I woke up to popcorn all over the living room floor.
Boy #4, apparently, had saved his popcorn from last night for an early morning snack -- except that, from the looks of it, less than half made it to his mouth. Before I'd even popped in my contacts, I was down on my knees, scraping popcorn leavings into a pile.
I swept the pile into my hand, headed toward the garbage can -- and passed a pile of cat puke. No, wait. Make that two piles.
The wailing erupted just as I was grabbing some paper towel. Remember Boy #4 and his early morning snack? Turns out he'd poured himself a glass of milk as well. You can see where I'm going with this, right?
(Forward to moment 1:39)
Parenting boys is a messy business, in more ways than one. There are the obvious messes (does anyone else's bathtub resemble a beach after the boys have bathed?), and then the not-so-obvious ones. Check out this excerpt from Scott Noelle's parenting newsletter, The Daily Groove:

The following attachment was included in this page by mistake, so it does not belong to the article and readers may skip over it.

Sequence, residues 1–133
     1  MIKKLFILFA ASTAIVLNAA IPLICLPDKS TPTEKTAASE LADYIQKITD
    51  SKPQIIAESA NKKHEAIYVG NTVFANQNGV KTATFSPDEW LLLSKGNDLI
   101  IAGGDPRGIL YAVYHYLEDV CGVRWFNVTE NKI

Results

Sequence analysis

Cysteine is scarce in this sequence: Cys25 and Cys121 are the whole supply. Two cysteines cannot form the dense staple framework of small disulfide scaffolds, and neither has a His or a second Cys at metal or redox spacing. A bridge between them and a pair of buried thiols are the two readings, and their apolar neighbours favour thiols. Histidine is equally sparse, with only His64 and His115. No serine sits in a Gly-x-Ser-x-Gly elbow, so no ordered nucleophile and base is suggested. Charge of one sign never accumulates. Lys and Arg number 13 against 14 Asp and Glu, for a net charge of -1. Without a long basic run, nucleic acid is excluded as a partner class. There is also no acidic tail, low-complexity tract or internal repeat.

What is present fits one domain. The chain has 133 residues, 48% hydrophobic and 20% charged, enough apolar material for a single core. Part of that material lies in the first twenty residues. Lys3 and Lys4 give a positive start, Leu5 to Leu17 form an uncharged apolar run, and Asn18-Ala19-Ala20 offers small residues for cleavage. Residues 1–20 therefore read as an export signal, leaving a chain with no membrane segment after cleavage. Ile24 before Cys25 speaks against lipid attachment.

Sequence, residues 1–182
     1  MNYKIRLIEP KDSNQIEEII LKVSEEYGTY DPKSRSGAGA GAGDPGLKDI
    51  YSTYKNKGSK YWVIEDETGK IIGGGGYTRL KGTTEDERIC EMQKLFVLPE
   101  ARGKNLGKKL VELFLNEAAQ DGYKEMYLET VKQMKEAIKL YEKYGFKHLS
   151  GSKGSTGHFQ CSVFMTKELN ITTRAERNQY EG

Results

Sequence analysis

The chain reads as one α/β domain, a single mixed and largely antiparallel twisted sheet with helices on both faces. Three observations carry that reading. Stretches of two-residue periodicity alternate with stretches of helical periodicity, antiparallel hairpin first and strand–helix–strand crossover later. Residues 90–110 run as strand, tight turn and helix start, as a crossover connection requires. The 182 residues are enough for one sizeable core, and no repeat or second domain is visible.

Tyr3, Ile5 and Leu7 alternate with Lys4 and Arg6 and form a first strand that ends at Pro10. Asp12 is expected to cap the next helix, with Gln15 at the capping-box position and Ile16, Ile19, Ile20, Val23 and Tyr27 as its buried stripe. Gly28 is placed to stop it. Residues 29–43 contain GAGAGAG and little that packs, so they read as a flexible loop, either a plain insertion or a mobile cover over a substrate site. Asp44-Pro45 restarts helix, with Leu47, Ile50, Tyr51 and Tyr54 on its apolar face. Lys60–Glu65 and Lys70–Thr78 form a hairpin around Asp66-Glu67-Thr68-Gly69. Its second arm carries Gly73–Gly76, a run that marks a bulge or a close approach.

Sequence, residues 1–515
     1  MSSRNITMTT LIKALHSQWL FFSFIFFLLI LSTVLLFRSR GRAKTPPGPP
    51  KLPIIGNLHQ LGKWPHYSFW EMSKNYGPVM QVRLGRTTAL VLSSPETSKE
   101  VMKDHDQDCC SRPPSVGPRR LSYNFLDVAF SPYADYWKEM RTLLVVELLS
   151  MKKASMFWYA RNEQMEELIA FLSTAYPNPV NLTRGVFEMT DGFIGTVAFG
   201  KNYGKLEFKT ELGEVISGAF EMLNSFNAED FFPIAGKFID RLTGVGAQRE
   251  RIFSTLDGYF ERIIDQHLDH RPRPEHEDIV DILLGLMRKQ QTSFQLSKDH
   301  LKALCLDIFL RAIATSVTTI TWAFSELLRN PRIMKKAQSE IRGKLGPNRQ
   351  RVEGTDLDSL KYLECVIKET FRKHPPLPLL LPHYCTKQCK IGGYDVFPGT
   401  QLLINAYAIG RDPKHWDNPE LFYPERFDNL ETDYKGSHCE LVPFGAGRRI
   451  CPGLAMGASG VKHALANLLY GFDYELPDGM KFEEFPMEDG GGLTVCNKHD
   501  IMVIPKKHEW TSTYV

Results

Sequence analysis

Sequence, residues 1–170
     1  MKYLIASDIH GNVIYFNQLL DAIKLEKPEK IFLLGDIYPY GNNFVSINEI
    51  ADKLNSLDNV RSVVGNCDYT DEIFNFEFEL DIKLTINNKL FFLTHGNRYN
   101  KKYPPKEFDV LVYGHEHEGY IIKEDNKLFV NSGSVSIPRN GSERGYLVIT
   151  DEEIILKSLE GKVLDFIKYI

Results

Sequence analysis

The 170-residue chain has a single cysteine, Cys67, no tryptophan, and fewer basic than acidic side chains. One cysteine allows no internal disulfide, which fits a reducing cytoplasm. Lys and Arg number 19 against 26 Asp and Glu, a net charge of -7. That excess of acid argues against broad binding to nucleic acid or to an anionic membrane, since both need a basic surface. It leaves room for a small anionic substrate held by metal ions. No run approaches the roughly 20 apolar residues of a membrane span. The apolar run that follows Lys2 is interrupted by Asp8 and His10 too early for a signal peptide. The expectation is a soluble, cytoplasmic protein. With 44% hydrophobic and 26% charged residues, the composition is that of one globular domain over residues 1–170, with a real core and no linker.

"Even if you're a 'crunchy' parent who's not afraid of nature's messiness, there may be other kinds of messes you abhor, like the messy ways children learn, explore, and process emotions."
Boy learning is not a straight forward kind of thing. Rarely do boys start in one place and progress neatly to the desired end point. Learning, for boys, is a series of tangents, of stops and starts. To learn, they need permission, time and space to explore, to question --and to get messy.
The same holds true for emotions. While I thought it was a great idea to sit down and discuss how to turn crisis into opportunity, my boys did not. For a moment, I was frustrated, but then I remembered that my job as a parent is to support my boys in whatever ways they need. I will remain available, but I need to give my boys time and space to process their own emotions.
As Scott Noelle says, "Get over it! Life IS messy!"